But the soldiers recognized he was a Dobra, and said, “How foolish, you shall surely steal the sack whilst we sleep.” So the Wanderer said, “Then lash me to you, and you shall know if I move in the night.” So they did, and when they were sleeping and took no thought, the hidden Cousin stole the sack.
When they awoke to find the Wanderer still lashed and the sack stolen, they wept and gnashed their teeth. And when they told their tale to the king, he said, “Truly this is a clever thief. But I am a clever king.”
So the king bought up all the joints of meat in the city. And he told the butchers to charge two ducats a pound, so only one who had come into a lot of money could eat. So nobody ate that first day. The next day the wife complained to her husbands, saying, “O, how is it that I have two husbands but no meat between them?” *
So the next day they went out to the meat-market, the Cousin with his cart and mare, and the Wanderer hidden from sight. And outside the butcher the Cousin pretended his cart had been damaged, and lamented that he had not an axe to fix it. Then the butcher said to him, “Here, take my axe, and mend your cart.” And as the butcher brought his axe to the Cousin, the Wanderer picked up a big piece of meat, and stuck it under his coat.
And that night the king asked the butchers, “Have you sold any meat to any one?” They said, “We have not.”
But the king weighed the meat, and found it twenty pounds short. And he said, “Truly this is a clever thief, and I must be careful, and hide all my money away.” So the king hid his fortune in his palace.
Hearing that there was great treasure in the palace, the brothers broke through the roof, the Wanderer lowering the Cousin inside, and the Cousin passing purses of money back to the Wanderer. And they went home much richer.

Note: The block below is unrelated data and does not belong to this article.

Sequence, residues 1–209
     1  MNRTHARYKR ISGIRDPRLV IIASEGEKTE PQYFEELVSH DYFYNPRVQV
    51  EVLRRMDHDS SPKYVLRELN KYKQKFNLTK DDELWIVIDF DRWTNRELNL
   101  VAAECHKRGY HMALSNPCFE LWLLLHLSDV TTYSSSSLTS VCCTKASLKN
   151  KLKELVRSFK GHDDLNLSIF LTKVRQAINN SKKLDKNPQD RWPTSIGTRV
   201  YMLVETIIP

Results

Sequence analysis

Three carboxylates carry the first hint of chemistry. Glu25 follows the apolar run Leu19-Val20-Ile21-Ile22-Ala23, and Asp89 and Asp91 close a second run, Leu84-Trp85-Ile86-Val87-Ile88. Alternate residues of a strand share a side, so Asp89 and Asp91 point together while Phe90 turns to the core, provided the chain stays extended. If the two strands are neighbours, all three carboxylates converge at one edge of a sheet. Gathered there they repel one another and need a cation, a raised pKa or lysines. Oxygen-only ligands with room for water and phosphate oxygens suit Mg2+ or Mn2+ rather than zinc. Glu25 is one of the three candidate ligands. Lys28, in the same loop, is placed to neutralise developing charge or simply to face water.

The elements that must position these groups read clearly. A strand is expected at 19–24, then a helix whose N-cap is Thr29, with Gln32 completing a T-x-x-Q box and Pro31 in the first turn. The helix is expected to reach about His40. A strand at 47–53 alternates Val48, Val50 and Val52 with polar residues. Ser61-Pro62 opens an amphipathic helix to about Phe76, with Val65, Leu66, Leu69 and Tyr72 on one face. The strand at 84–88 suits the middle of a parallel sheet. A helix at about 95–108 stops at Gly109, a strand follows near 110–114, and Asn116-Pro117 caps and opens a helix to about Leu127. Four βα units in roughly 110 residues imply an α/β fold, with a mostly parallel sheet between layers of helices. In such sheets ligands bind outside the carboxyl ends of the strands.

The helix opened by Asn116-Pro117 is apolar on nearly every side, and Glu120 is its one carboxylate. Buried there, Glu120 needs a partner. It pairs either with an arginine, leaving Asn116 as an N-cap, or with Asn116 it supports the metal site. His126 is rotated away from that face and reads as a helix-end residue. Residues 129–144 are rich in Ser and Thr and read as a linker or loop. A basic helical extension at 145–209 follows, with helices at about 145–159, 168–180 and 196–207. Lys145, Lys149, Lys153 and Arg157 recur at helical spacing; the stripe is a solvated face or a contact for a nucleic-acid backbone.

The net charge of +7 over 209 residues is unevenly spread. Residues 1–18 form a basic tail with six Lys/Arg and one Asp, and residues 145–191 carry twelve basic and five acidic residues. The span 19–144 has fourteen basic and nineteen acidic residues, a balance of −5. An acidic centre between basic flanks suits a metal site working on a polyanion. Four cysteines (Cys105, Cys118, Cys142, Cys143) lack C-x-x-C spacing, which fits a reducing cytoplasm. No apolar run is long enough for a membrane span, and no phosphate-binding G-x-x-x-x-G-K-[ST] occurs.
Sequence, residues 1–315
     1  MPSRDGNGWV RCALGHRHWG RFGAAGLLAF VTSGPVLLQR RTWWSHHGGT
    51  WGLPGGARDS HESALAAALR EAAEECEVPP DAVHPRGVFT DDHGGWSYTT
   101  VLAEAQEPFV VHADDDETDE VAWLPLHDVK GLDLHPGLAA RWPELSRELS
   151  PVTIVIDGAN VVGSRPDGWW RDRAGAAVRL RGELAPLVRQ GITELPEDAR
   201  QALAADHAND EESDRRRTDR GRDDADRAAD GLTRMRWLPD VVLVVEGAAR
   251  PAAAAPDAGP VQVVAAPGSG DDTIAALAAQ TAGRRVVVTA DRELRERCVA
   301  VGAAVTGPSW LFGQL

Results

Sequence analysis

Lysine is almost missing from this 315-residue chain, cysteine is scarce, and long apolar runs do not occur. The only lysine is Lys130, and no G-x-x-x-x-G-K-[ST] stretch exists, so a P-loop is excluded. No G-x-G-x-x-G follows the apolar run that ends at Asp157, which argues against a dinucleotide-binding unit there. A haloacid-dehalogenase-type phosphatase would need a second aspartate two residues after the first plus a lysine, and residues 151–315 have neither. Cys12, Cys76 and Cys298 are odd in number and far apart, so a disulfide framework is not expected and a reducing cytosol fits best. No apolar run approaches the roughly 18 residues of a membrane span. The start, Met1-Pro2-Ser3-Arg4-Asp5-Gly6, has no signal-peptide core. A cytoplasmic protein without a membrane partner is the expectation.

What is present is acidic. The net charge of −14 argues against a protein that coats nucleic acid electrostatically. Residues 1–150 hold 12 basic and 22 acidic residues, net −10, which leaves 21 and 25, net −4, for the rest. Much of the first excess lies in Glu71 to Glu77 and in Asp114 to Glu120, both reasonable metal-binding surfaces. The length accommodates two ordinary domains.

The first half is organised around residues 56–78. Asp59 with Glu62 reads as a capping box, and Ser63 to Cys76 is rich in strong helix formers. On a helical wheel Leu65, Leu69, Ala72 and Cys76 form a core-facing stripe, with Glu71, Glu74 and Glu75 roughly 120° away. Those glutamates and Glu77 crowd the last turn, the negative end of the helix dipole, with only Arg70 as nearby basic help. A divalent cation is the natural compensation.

Then the king arose in the morning, and looked upon his treasure, and saw two hundred purses of money were missing. Straightaway the clever king lit a fire in his palace. And outside the palace the king waited until he saw where the smoke escaped, and where the thief had entered. So the king placed a cask of molasses below the hole, knowing that the greedy thief would return the next night.
And the next night the brothers returned, the Cousin lowering the Wanderer down. And as he did so, the Wanderer became stuck in the cask of molasses. And he said to his brother, “Brother, it is over for me. I hear soldiers approaching, so do not give them the pleasure. Come, cut off my head, for I am good as dead.”
But the Cousin loved his brother too much to kill him. So he fled.
And when the king came upon the trapped Wanderer he said, “There! I heard you call out to another. Tell me who he is!” But the Wanderer would not give up his brother, even as the king hurt him sorely.
So for a year the Wanderer endured the abuses of the king. But he would not give up his brother, who he loved. And after a year the king came onto him, and said, “Why do you remain so loyal to the one who has left you here?”
The Wanderer thief answered him thus, “For we are brothers and share all things equally, even our wife, one taking to her bed each night, while the other sleeps on the floor.”